Monday, June 14, 2010

Counseling and Job's Friends

The book of Job fascinates me. Between the interaction with Satan and God, God’s overarching control of everything, Job’s response in the midst of great sorrow, and the subsequent response of his friends, I have always finished Job with lots to ponder and process. We can learn a lot about counseling from the book of Job. And I found myself repeatedly praying throughout the entire book, asking God to protect me from the all too familiar tendency to counsel like Job’s friends.

There are three things about counseling that stood out to me while reading.

  1. Counseling must begin with a clear understanding of God. We see from Job’s friends that they begin counseling Job from a faulty and improper view of God and how he operates with his children. They assumed that Job must have committed some sin against God in order to be the recipient of such suffering. How often do we try and counsel our friends from our own perceived view of God, rather than what the Bible says about him? Bringing a wrong view of God to people in their suffering will not only discourage them, but it will provide no hope for them in their trial.
  2. Counseling must show empathy and care for the one suffering. Hurting people need to feel loved. More importantly, they need to feel loved by God. Sometimes that love means saying nothing. Sometimes it means showing them a bigger view of God. This is where empathy comes in. We must enter into the pain of the people we are counseling. Job’s friends started off well (Job 2:11-13), but they did not stay there. Perhaps they thought he was taking too long to get over his pain. Maybe they just didn’t understand their friend. We don’t really know. But we do know that they did not continue to serve their friend in his suffering. Often showing empathy means getting out of our comfort zone (and our opinions), but it will serve our friends.
  3. Counseling must show people that God is for them. Job continued to hold to his innocence of wrongdoing. His friends could have helped him see that his suffering was not necessarily a result of God’s discipline. Reiterating God’s care and love for a hurting brother or sister can sometimes be the very means God uses to bring them hope.

Perhaps you are reading this and feeling saddened by past failures to counsel suffering people well. Or maybe you are overwhelmed by your inability for the task. You are in good company. We all are. But God is faithful to redeem you of insensitivity and inability. Left to ourselves we cannot help anyone. We need Christ’s work to enable us to do all that he calls us to. This is why all counseling needs to be bathed in prayer and done in humility. We must entrust ourselves to the God who is able to do immeasurably more than we could ever imagine both through us and in the lives of hurting people.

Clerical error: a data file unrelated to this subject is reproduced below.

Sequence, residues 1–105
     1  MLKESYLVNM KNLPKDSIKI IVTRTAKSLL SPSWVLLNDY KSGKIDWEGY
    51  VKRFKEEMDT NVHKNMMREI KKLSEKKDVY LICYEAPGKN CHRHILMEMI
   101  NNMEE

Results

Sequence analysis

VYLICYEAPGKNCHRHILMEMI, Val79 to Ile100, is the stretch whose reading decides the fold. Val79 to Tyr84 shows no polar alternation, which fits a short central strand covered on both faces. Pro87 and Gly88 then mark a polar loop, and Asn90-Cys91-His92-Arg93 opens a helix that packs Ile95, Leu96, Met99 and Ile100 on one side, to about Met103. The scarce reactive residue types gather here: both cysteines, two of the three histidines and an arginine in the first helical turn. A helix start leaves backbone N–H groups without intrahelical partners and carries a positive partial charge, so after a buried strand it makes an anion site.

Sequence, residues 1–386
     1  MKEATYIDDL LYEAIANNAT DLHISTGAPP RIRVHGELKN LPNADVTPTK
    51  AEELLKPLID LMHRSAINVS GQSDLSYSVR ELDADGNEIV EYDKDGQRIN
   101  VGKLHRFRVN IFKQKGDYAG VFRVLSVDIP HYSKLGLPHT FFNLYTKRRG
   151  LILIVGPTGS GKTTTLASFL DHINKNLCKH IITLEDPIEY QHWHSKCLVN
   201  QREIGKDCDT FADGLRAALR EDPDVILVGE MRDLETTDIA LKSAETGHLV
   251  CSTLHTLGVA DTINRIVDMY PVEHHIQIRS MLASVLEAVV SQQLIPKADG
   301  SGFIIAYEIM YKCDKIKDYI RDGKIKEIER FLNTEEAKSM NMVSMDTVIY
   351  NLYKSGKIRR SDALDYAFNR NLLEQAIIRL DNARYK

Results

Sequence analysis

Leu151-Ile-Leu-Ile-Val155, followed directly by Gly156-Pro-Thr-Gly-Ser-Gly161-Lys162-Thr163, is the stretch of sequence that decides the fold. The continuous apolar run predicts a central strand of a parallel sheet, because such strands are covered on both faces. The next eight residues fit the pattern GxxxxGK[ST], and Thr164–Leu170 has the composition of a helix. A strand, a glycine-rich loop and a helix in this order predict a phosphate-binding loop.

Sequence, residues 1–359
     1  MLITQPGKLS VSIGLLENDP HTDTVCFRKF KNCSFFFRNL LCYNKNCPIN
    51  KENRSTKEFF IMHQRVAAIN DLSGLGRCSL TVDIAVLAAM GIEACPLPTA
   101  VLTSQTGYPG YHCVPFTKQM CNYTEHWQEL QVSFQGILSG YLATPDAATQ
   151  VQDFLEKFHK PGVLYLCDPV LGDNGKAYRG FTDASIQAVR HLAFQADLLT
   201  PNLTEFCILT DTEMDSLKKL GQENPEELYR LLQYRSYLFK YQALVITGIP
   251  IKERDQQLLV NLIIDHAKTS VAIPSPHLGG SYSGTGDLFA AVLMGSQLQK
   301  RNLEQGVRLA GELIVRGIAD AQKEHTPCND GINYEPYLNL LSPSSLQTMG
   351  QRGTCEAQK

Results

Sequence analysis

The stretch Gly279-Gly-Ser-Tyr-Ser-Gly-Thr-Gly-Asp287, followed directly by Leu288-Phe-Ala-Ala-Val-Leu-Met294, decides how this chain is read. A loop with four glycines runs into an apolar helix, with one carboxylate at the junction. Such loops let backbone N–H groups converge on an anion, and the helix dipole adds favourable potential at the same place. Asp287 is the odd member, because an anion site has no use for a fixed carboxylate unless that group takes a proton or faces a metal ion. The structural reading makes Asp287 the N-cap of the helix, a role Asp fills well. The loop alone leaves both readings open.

8 comments:

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debt said...

Wonderful post, Courtney!!!

Anonymous said...

Great thoughts Courtney. You are so conscientous, I believe you will be a wonderful counselor.

There is another lesson from Job, one that you may find more important than the other important ones you mention.

The lesson is to beware the oh-so-human temptation to assume a one-to-one relationship between suffering and sin.

Job 2:11 may be the most cruelly ironic verse in the Bible. The friends did not comfort Job. They accused him, when he least needed accusation, multiplying his suffering!

God was angry at them for this.

Jesus addresses the same concept in Luke 13. In the fallen tower example, suffering was NOT correlated to sin but rather to God's sovereignty... period... whether we humans can understand it or not.

To tie suffering directly to sin means that the suffering person must absolutely have some hidden sin in their life causing the suffering. This leads to a cruel, twisted conclusion, that the best thing the counselor/friend can do - MUST do, to be responsible - is to bear down mercilessly to uncover that sin, save the sufferer's soul, and thereby alleviate the suffering (supposedly).

So the counselor thinks she is helping but is only increasing the pain the more she bears down. What a horrifying scenario for someone who is down and suffering due to no real fault of her own to face!

Yes, sometimes sin causes suffering. And yes, sometimes 'love must be tough.'

But no, not all suffering is caused by sin, and many times - perhaps most of the time - love must be forebearing and encouraging.

This takes discernment and a merciful spirit. Counselors must beg God for wisdom and insight, leading from the Holy Spirit, to know those rare times when they need to "dig" for hidden sin, but also when to not do so, but rather to comfort.

When in doubt, may we lean towards mercy rather than harshness, especially as we cultivate Godly feminine spirits within our own souls.

May we never treat a friend or patient or client like Job's friends treated Job.

cdt said...

Thanks, Mom!

cdt said...

Anonymous,

Thank you so much for your insightful comment, and for adding a very important point. you are so right. Job's friend assumed that it had to be human sin that caused the suffering. The link to the passage in Luke is very insightful and one of the best passages for showing that human sin is often not the reason for the suffering of God's people. I appreciate it! Thanks for reading.

-Courtney

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